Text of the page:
The effect that consumers notice the most is the altered sense of time. It gives them the impression that the minutes and hours are longer than they actually are. Cannabis has an effect on the auditory centers of the nervous system, manifested by an increase in hearing sensitivity and a keener appreciation of music by its users. It is also common for consumers to notice a subjective increase in their senses of touch, taste and smell.
In general, the effects of marijuana on the nervous system they depend on the form of ingestion and the amount taken of the main active ingredient. THC does not dissolve in water, so it can only be consumed by ingestion and inhalation.
3. Acute cannabis poisoning
Acute cannabis poisoning has several psychological effects. Symptoms include paranoid thoughts, delusions, hallucinations, delusions, depersonalization, confusion, agitation, and arousal. There may be delirium and disorder with agitation and violent excitement. All of these effects will eventually occur after a few hours, as long as the cannabis use does not go away and is not combined with other substances.
Regardless of the folklore and tradition of cannabis, it is still a drug and as such induces effects on the nervous system, some of which are very serious. Consumers of this substance can exhibit very dangerous behavior., both for themselves and for others, depending on different factors such as the amount of THC ingested and personality aspects. Acute poisoning can lead to mood swings and negative emotions such as anxiety, fear and panic.
The effects of cannabis on the central nervous system are so severe consumption of this substance has been linked to an increase in mental illnesses in young people. Using cannabis increases the risk of a psychotic outbreak. An increase in panic attacks and anxiety attacks is associated with regular substance use.
4. Effects on brain development
The study of the effects of marijuana on the structure of the brain with neuroimaging techniques shows varied results. Some suggest that regular use of this drug during adolescence is associated with impaired connectivity and a smaller volume in specific regions of the brain involved in executive functions, such as memory, learning and impulse control.
Scientific research suggests that cannabis use can lead to functional impairment of cognitive abilities. However, this deterioration will vary depending on the age at which the user started taking cannabis, the amount of substance ingested and the duration of consumption.
The endocannabinoid system is believed to play a major role in the formation of synapses during the early stages of brain development., which would explain why the consumption of cannabis, with substances that affect this system, would alter cognitive aspects in adolescence.
A study in New Zealand found that frequent cannabis use that started in adolescence was associated with a 6 to 8 IQ loss in mid-adulthood. In the same study, people who used cannabis routinely during adolescence and stopped using the drug in adulthood did not regain lost IC points.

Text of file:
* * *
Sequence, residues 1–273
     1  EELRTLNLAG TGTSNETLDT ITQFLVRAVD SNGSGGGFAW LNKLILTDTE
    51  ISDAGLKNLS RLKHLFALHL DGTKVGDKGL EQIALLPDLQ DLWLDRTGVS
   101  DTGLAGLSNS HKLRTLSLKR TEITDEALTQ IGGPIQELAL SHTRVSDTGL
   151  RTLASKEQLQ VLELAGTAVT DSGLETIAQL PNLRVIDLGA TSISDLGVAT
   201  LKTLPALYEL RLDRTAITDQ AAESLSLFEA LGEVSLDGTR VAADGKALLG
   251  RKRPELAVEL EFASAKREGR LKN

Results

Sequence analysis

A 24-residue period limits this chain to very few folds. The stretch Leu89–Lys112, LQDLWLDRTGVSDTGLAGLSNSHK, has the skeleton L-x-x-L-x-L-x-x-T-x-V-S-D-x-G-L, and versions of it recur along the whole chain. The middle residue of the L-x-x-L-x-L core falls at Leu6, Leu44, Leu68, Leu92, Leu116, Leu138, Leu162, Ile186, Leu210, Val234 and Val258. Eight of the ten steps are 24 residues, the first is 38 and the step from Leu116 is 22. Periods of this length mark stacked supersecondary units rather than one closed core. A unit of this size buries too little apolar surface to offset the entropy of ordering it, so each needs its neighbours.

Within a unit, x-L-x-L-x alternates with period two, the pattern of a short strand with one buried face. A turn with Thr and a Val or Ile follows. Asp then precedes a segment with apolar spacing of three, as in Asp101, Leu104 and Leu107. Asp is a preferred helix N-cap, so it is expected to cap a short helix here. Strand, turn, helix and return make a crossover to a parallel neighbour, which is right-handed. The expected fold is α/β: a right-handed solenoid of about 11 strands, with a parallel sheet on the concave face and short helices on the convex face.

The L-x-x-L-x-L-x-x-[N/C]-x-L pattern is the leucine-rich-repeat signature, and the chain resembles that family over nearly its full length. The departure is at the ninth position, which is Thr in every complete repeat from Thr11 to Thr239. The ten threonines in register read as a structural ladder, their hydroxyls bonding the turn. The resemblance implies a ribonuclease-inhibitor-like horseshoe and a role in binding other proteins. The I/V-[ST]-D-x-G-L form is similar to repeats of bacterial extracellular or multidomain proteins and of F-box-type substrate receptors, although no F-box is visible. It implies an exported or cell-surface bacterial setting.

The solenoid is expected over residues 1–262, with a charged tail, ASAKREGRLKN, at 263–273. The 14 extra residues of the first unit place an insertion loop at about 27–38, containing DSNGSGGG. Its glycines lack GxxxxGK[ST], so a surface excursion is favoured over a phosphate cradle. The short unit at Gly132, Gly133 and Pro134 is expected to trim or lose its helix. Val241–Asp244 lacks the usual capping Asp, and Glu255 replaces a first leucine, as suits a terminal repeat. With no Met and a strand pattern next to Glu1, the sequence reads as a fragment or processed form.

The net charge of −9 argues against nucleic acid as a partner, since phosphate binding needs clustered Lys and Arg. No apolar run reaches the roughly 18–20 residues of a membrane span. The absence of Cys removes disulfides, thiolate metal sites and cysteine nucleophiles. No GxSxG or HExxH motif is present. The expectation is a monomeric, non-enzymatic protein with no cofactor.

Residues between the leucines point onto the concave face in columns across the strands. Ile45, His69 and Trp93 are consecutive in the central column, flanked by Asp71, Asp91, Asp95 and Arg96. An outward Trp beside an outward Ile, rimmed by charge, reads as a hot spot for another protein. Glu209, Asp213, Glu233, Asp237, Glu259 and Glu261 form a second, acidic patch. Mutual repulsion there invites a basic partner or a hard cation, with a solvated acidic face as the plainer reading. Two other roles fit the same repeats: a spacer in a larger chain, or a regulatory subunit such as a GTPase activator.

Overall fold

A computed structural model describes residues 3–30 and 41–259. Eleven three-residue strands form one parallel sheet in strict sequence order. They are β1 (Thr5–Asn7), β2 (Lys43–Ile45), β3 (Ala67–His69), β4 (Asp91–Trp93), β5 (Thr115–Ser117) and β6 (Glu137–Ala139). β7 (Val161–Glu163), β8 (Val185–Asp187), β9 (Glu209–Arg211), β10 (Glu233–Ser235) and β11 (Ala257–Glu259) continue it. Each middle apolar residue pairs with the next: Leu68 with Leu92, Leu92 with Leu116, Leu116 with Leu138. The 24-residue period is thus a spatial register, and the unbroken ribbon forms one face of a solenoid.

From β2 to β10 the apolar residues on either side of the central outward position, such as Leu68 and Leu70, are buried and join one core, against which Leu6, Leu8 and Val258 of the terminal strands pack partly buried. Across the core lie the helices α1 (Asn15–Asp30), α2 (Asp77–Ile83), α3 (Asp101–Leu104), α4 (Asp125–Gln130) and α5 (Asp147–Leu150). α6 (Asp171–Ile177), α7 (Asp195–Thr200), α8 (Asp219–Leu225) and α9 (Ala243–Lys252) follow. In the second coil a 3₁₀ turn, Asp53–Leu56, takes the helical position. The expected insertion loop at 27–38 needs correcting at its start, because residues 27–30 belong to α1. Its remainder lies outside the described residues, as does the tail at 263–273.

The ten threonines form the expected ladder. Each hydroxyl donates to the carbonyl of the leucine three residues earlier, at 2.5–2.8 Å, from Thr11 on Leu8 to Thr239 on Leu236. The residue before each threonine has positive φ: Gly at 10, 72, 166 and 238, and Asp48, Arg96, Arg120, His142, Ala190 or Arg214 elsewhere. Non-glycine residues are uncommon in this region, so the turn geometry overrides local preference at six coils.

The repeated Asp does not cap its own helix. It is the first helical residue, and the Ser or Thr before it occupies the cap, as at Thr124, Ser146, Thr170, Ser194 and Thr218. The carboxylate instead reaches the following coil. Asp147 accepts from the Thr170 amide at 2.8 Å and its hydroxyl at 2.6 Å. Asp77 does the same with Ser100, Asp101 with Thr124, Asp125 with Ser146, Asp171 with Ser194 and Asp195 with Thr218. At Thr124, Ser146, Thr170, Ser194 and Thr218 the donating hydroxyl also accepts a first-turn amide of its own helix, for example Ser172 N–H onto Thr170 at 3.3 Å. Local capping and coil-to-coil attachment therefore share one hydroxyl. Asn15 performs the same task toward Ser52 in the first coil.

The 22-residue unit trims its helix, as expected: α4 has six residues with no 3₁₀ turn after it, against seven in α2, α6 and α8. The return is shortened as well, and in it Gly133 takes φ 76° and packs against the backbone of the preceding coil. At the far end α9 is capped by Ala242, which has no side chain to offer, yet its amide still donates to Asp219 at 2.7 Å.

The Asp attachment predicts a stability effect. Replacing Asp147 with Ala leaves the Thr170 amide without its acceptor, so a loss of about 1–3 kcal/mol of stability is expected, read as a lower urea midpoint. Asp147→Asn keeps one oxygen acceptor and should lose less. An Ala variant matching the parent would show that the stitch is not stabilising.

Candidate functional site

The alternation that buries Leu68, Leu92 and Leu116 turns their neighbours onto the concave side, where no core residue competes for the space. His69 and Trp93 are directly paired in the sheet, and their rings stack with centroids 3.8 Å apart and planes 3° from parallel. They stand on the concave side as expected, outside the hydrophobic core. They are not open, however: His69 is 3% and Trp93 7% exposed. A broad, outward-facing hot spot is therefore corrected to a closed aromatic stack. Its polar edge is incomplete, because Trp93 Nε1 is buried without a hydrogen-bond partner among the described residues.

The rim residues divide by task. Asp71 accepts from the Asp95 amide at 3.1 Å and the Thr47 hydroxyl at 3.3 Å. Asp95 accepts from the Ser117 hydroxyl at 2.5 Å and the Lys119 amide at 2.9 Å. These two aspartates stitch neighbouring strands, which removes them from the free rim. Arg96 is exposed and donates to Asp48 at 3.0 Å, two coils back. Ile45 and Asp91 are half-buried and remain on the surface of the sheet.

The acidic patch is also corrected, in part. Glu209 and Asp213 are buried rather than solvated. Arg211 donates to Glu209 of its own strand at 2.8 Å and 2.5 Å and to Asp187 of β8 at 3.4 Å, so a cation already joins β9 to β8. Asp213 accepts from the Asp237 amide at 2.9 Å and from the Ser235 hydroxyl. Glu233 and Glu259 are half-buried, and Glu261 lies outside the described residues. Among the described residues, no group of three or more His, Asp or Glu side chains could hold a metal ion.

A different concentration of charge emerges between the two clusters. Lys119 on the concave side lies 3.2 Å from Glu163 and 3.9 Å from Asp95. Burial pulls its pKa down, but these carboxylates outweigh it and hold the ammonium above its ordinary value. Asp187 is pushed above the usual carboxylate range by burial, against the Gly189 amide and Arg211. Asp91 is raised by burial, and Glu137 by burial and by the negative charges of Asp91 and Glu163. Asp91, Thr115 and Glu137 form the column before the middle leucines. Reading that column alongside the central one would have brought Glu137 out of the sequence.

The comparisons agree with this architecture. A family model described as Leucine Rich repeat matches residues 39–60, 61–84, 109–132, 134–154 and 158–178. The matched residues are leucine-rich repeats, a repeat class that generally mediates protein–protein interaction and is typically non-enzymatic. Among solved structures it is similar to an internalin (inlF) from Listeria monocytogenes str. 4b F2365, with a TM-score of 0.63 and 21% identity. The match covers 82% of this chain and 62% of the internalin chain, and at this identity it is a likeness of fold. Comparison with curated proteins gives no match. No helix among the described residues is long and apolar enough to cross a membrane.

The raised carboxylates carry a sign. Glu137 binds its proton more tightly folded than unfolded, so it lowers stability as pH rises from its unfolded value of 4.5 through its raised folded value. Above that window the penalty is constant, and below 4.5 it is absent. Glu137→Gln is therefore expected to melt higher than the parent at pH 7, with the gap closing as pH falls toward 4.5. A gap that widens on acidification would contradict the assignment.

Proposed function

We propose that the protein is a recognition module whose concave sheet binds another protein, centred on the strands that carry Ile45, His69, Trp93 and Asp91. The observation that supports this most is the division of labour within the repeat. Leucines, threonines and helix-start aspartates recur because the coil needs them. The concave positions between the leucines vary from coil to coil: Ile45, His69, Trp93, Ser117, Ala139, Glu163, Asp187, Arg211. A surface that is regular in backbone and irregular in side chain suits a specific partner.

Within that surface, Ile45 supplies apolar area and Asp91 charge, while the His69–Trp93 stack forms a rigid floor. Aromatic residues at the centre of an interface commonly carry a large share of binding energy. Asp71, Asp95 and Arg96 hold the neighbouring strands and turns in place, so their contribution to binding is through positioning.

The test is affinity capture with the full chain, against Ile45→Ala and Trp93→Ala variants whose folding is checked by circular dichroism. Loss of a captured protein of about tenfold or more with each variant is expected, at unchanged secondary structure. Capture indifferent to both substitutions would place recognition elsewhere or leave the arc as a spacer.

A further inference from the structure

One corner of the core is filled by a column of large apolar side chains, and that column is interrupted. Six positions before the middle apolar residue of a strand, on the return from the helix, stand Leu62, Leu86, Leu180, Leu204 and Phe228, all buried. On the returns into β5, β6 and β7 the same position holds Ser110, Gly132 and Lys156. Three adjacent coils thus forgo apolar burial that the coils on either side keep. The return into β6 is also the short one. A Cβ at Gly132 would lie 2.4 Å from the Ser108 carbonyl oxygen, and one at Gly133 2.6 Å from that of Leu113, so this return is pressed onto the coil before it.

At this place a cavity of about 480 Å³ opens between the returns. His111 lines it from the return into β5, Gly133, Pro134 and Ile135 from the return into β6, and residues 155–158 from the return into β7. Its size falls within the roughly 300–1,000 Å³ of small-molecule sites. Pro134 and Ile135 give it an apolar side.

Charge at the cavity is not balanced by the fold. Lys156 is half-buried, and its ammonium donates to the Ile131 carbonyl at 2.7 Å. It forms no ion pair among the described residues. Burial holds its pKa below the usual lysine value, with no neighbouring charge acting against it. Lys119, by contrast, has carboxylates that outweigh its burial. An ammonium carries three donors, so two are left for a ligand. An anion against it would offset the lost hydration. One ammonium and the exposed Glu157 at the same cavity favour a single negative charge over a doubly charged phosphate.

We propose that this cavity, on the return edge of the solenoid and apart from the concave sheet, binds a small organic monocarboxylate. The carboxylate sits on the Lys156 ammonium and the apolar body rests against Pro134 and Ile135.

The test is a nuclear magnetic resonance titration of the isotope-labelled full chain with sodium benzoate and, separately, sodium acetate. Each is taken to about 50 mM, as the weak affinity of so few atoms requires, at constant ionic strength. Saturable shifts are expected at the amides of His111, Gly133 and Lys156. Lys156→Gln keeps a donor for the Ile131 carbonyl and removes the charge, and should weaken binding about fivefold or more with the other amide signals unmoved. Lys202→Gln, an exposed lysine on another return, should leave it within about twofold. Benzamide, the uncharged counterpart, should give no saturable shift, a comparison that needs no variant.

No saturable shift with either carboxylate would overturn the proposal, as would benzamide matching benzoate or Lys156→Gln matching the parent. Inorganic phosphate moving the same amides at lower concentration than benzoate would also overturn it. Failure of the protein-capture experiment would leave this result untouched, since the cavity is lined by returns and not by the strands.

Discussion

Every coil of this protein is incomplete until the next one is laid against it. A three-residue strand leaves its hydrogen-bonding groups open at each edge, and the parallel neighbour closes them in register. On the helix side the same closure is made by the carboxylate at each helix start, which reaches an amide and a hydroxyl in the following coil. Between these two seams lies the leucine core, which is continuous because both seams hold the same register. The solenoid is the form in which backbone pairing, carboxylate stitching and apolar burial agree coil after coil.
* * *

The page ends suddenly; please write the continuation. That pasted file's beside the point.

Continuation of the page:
In the study, people who had just started using marijuana in adulthood, both intensely and not, did not lose any CI points. This suggests that marijuana has a greater long-term impact on teens, whose brain is still forming making new connections and maturing in other ways, which in adults whose brains are already nearly mature. This is not to say that there is a causal link between cannabis use and loss of HF, but it would have implications for the long-term cognitive zone of more premature users.
5. Why does cannabis affect memory?
Marijuana impairs memory because THC affects the hippocampus. This structure is the area of the brain responsible for forming memories and processing information. Most of the data to support this claim has been made with animals, especially rats.
Studies on rats exposed to THC prenatally have shown that soon after birth or during adolescence they have shown noticeable difficulties in specific learning and memory tasks. Cognitive impairment in adult rats exposed to this component during adolescence has been associated with structural and functional changes in the hippocampus, the area of the brain involved in memory.
Studies in rats also show that exposure to THC during adolescence involves alterations in the reward system, which increases the likelihood that an animal will try to obtain other substances and fall into other addictions. This would be the physiological explanation why many adolescents who use marijuana as their first drug or starting drug end up resorting to other substances such as cocaine, tobacco or alcohol.
As humans age, our hippocampus loses neurons and this affects the ability to learn new information.. Cannabis use involves exposure to THC, which, if prolonged, can accelerate the loss of neurons in the hippocampus, leading to premature memory loss.
In a study with rats exposed to THC daily for 8 months (30% of their lifespan) they showed nerve cell loss at 11 or 12 months equivalent to that of rats twice their size. this substance.